Parts of out-of-control Chinese space station could fall on NJ
TRENTON — New Jersey is one of the places on Earth where a Chinese space station the size of a school bus might crash on Sunday.
Tiangong-1, the first space station built and launched by the Chinese in 2011, is expected it to enter the earth's atmosphere on Sunday. The country's space agency lost control of the orbiting station in 2016 and it has been drifting uncontrolled ever since. A company called Aerospace Corporation has tracked the station the past couple of months to better determine where debris will fall.
It's not known exactly where the 9.4 ton craft will fall. But based on Tiangong-1’s inclination, the company said that "we can confidently say that this object will reenter somewhere between 43° North and 43° South latitudes." That's an area which includes New Jersey and most of the United States.
Meteorologist Dan Zarrow said space junk falls out of orbit and back to earth all the time but just burns up in the atmosphere. Bigger objects like Tiangong-1, however, have the potential to reach the ground before breaking up and burning up.
But there's no reason to panic.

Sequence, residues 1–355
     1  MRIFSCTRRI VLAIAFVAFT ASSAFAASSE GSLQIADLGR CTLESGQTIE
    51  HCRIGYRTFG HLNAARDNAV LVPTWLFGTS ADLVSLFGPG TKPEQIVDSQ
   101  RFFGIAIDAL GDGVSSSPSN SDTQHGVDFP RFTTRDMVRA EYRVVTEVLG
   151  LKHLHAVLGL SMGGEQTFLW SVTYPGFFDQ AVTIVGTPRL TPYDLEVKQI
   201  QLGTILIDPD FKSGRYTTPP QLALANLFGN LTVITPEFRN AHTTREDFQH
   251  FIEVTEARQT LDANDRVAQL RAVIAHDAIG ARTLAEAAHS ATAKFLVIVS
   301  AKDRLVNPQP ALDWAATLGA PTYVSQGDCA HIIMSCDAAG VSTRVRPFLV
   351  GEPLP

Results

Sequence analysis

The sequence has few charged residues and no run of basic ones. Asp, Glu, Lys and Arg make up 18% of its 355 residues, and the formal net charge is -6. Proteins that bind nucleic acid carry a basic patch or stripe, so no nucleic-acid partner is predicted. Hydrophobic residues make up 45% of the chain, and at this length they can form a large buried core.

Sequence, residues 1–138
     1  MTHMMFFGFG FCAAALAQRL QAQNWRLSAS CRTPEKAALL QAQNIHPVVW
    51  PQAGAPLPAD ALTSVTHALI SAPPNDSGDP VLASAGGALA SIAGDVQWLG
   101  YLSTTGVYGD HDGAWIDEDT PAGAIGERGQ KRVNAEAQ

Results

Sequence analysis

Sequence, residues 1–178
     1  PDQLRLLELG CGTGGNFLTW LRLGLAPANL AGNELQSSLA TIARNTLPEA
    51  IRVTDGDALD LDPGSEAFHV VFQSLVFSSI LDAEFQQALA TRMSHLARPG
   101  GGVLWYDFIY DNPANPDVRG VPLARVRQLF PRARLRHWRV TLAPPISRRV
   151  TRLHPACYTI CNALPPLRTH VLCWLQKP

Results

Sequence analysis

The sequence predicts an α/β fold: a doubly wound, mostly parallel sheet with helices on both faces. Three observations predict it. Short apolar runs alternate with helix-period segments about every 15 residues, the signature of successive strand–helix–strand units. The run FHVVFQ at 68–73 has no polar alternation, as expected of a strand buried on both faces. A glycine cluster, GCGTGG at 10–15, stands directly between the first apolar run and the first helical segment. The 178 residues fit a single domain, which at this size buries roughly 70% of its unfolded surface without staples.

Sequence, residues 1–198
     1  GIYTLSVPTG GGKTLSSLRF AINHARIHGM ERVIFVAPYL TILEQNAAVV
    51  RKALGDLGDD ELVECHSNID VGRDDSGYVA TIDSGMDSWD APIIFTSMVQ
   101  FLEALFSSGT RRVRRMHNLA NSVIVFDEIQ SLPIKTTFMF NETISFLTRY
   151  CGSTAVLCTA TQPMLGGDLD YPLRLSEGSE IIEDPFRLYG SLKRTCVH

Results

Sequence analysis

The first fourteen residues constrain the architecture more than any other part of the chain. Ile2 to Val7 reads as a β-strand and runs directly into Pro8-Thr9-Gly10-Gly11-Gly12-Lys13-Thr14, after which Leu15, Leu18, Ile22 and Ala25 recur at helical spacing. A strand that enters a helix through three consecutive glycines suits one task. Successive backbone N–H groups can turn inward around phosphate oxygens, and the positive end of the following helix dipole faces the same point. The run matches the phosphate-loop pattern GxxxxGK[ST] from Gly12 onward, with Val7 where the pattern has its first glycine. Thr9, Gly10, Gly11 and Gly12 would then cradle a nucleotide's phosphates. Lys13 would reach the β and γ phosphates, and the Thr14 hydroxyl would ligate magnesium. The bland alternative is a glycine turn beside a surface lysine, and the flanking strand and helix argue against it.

"The chance of the 100 metric ton space station will hit you square in the head? Very low, as the potential landing zone covers about half of the globe. But the risk that a piece of space station debris hits some populated area, somewhere in the world? Well, it's not zero," Zarrow said.
Aerospace said the odds of the craft hitting a person are "about 1 million times smaller than the odds of winning the Powerball jackpot" because much of it will burn up in the atmosphere.
The pieces that do make re-entry in New Jersey would appear as multiple bright streaks moving across the sky in the same direction, according to Aerospace. Because of the relatively large size of the object, Aerospace expected that there will be many pieces reentering together, some of which may survive reentry and land on the Earth’s surface.
Aerospace said there could be hydrazine, a highly toxic and corrosive substance on board that could survive re-entry.